The judge in the Zacarias Moussaoui case is threatening to throw out the prosecution’s bid to have him executed after learning that a government lawyer had improperly coached seven witnesses. Judge Leonie M. Brinkema learned that an attorney for the Transportation Security Administration, Carla J. Martin, had e-mailed seven former current and former government including transcriptions from the trial and giving them detailed instructions as to how they should testify.
“In all my years on the bench, I’ve never seen a more egregious violation of the rule about witnesses,” Judge Brinkema said before sending the jury home for two days. She said that the actions of the government lawyer, identified in court papers as Carla J. Martin, would make it “very difficult for this case to go forward.”
As Moussaouiis is the only person charged in an American court with involvement in the Sept. 11 terrorist plot, the Bush administration was adamant that he be executed. They argued that even though he was not a direct participant in the Sept. 11 attacks, he is responsible for those deaths because he lied to investigators when he was arrested, concealing his knowledge of Al Qaeda’s interest in flying planes into buildings. The argument goes that if he had told the truth, his answers would have forced government aviation officials to increase security, possibly foiling the plot. Because Moussaoui has already pleaded guilty to conspiracy charges in connection with the Sept. 11 attacks, the sole question before the jury is whether he should be executed or imprisoned for life. It now appears that the prosecution bungling has answered the question.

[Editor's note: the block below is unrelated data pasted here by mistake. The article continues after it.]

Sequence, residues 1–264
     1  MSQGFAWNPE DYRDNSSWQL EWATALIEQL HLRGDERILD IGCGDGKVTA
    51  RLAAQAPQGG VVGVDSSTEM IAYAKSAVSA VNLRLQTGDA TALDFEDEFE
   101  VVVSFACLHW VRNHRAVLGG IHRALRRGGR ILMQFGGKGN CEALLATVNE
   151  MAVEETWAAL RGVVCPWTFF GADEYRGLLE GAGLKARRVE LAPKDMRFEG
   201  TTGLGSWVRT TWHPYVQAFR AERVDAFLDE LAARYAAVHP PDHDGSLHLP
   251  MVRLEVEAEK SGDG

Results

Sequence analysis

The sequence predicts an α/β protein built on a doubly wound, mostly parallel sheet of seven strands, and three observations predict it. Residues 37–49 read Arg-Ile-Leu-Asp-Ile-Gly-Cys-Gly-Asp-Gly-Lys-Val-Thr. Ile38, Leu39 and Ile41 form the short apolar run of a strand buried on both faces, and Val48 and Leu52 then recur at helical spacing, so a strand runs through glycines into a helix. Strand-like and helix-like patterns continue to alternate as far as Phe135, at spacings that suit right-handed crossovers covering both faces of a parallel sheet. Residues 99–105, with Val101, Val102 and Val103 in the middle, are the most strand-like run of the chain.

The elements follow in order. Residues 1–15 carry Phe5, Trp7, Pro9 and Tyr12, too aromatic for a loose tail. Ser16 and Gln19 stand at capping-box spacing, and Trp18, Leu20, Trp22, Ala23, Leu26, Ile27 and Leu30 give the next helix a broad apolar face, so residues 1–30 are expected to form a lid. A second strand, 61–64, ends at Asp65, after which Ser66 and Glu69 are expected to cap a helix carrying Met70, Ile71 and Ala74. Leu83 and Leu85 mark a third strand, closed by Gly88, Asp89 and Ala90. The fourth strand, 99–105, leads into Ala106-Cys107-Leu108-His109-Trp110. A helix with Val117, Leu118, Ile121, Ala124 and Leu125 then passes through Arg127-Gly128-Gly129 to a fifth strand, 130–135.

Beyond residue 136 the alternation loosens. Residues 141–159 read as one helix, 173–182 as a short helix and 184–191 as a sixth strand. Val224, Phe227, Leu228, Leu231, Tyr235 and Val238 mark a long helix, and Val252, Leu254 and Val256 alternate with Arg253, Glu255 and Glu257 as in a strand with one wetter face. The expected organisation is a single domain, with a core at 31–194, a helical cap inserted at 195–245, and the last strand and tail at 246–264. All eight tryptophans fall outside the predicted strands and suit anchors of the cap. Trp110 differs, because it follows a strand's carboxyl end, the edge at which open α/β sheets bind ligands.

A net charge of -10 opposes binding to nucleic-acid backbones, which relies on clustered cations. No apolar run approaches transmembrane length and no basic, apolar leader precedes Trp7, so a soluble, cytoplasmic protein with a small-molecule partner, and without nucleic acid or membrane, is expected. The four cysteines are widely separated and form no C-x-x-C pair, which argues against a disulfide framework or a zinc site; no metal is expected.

On A Similar Note
What happens when the government investigates an immigrant for terrorist ties, but can’t find sufficient evidence? Often, officials can get the suspect deported on immigration charges that have nothing to do with the original terror claims.
An Iraqi Kurdish immigrant from Kirkland, Washington, Sam Malkandi, has been ordered deported even though the government was unable to prove allegations that he had ties to Tawfiq bin Attash, a senior al-Qaida operative suspected of involvement in a 2000 attack on the USS Cole in Yemen and the 1998 bombings of U.S. embassies in Kenya and Tanzania.
According to an article in the Kirkland Courier:
Malkandi – a former Muslim who converted to Mormonism and ran a Kenmore Subway shop until his arrest last August – denies any connection to the terrorist organization or even knowing who bin Attash was, said Malkandi’s lawyer, Jason Burnett.
Although the government was unable to prove that Malkandi had ties with al-Qaida, he was also charged with lying to obtain immigration benefits for himself, his wife and his two children.
That goes back to the time he spent in a refugee camp in Pakistan, Burnett said. Malkandi finally got an interview with the U.N. High Commission for Refugees, and one of his fellow refugees urged him to beef up his story, the lawyer said. “So what he told them was that he had been arrested and jailed in Iran for having religious and political material in his possession.” That was a needless lie, according to Burnett, who noted that Malkandi as a Kurd had ample reason to fear for his life in Iraq under Saddam Hussein.In any event, lying on an asylum application isn’t always grounds for deportation, conceded Lori Haley, an ICE spokeswoman. But the combination of the lie and the alleged connection to al-Qaida was enough to warrant his removal from the country, she said. Being connected to al-Qaida is just not in Malkandi’s character, according to Burnett. “The man’s a Head Start volunteer,” he said, for example. Malkandi also helped train U.S. soldiers headed to Iraq in cultural awareness, he’s active in the Mormon church, and an American flag flies in front of his house, Burnett said. “They’re part of the neighborhood,” he said, adding that more than 70 of the people who know Malkandi wrote the court asking that the man be granted bail. He wasn’t and remains in federal detention.